Preparedness for Hurricane Matthew Update – Thursday
Evacuations continue according to Gov. Nikki Haley. More evacuations are scheduled for today. The Hurricane is is strengthening and returning to a category 4 along Florida’s coast. During her press conference we were cautioned not to draw a straight line between the points on the map above, rather to realize there will be an arc that will come closer to our coastline. Conditions will worsen for South Carolina beginning Friday night and be strong through Saturday night. Along the coast Hurricane force winds will be felt with tropical storm force winds reach further inland for a period of 18-24 hours. There is a threat of heavy rainfall. The forecast at this time is calling for 8-14 inches of rain with locally higher amounts. The rain is a major concern. It may reach levels similar to last year’s floods. Damage to trees and houses are expected to be extensive. The Storm surges are expected to come much further inland than what many people might expect. “As of 6:00 a.m. 175,000 people have evacuated and that’s not enough,” Haley said.
The SC Emergency Management Division has advised that South Carolina prepare for the Hurricane Matthew. Please visit their website for tips on how to prepare, knowing your zone, when to evacuate and more.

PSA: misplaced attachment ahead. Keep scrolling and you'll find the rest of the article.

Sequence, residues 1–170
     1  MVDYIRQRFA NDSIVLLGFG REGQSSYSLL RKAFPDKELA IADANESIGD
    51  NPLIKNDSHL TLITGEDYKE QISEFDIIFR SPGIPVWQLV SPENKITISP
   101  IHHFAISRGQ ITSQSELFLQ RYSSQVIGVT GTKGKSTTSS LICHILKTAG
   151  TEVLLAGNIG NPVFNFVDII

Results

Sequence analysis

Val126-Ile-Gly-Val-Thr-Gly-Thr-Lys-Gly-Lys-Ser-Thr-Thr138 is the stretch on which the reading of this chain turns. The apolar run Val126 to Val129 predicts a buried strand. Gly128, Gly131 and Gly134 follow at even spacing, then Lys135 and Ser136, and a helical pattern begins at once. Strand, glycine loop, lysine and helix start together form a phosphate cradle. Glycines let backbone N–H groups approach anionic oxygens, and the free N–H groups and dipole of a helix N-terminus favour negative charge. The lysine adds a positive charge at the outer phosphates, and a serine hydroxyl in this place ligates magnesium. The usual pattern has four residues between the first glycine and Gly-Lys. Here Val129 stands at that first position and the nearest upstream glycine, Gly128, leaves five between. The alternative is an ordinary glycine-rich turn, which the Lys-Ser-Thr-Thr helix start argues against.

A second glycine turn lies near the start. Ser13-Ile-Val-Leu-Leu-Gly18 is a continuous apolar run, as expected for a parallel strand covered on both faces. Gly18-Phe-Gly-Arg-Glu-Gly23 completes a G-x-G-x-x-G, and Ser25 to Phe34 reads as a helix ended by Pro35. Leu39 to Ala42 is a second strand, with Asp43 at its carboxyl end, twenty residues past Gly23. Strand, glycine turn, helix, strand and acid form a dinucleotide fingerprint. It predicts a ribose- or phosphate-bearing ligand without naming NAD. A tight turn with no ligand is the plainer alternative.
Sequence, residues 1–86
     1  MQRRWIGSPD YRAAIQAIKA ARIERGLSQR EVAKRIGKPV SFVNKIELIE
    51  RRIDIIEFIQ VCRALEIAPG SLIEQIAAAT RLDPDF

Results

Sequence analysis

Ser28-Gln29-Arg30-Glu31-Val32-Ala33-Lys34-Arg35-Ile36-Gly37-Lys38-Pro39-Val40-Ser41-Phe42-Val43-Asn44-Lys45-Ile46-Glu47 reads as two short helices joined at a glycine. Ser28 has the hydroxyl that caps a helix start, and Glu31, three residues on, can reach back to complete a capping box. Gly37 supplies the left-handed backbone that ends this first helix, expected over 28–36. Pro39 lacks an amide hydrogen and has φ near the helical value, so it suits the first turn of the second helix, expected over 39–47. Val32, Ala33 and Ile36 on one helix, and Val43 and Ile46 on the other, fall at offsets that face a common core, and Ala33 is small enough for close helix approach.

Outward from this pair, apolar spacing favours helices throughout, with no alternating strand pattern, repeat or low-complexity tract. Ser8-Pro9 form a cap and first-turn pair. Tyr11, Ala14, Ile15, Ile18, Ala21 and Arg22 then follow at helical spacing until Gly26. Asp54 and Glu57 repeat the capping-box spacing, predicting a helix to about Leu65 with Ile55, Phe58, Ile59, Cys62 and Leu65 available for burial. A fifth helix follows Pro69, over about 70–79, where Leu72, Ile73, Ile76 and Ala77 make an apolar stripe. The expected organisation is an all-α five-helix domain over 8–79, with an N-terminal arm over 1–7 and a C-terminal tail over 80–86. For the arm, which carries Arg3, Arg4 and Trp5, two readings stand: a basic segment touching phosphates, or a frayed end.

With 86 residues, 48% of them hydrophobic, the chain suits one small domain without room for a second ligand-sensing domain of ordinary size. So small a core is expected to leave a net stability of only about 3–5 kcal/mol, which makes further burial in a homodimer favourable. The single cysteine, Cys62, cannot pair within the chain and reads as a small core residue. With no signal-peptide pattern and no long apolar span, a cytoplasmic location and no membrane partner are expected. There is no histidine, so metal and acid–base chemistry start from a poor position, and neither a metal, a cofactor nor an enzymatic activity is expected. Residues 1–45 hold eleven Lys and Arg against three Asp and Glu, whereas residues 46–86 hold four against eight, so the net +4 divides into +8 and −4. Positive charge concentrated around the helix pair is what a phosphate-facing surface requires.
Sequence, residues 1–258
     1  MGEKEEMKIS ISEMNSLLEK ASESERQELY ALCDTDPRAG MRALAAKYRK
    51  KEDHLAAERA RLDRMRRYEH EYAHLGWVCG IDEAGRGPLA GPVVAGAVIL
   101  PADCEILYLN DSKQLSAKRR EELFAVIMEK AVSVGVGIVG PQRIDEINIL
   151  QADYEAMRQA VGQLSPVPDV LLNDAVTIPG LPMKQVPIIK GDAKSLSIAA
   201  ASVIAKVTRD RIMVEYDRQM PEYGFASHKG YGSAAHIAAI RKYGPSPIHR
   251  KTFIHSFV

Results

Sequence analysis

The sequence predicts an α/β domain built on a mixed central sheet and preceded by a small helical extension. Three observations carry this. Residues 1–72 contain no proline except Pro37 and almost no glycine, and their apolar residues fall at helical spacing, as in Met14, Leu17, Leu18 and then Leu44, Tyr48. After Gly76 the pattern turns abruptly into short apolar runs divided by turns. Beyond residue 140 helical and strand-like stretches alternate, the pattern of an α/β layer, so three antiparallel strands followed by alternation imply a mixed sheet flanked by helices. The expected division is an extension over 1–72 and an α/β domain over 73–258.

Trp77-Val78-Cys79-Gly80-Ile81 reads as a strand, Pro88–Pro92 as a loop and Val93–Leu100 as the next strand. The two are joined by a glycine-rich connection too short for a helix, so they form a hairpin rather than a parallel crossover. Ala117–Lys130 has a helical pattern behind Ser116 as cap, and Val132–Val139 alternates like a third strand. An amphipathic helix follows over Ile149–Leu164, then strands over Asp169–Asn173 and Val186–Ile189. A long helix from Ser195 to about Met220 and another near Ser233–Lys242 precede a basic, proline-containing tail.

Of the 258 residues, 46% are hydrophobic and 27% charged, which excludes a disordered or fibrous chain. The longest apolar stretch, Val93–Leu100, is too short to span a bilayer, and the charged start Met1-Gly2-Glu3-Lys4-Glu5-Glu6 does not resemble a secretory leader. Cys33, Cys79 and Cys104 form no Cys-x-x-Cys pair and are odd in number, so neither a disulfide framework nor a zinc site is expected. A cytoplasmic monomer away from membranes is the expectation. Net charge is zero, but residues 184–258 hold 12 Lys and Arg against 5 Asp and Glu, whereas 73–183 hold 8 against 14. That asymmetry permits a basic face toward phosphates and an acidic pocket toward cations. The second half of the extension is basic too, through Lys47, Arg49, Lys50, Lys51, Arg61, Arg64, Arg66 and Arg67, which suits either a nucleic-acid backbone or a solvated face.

A prayer for those in the storms path
Merciful God, when the storms rage and threaten to overtake us, awaken our faith to know the power of your peace. Deliver us from our fear and ease our anxiety. Help us to endure the time of uncertainty and give us strength to face the challenges ahead. Give us the assurance of your presence even in this time so that we can cling to your promise of hope and life shown to us through Jesus Christ, our Savior and Lord. Amen.
adapted from ELW Pastoral care, page 174
Please stay in touch with the Synod Office though email, our website contact form, and social media and let us know as soon as possible any damage or issues. Remember, our office is closed on Fridays. So, there will be no one to answer your calls. The current track of the storm puts it east of Jacksonville, FL and South of Charleston at 8:00 a.m. on Thursday.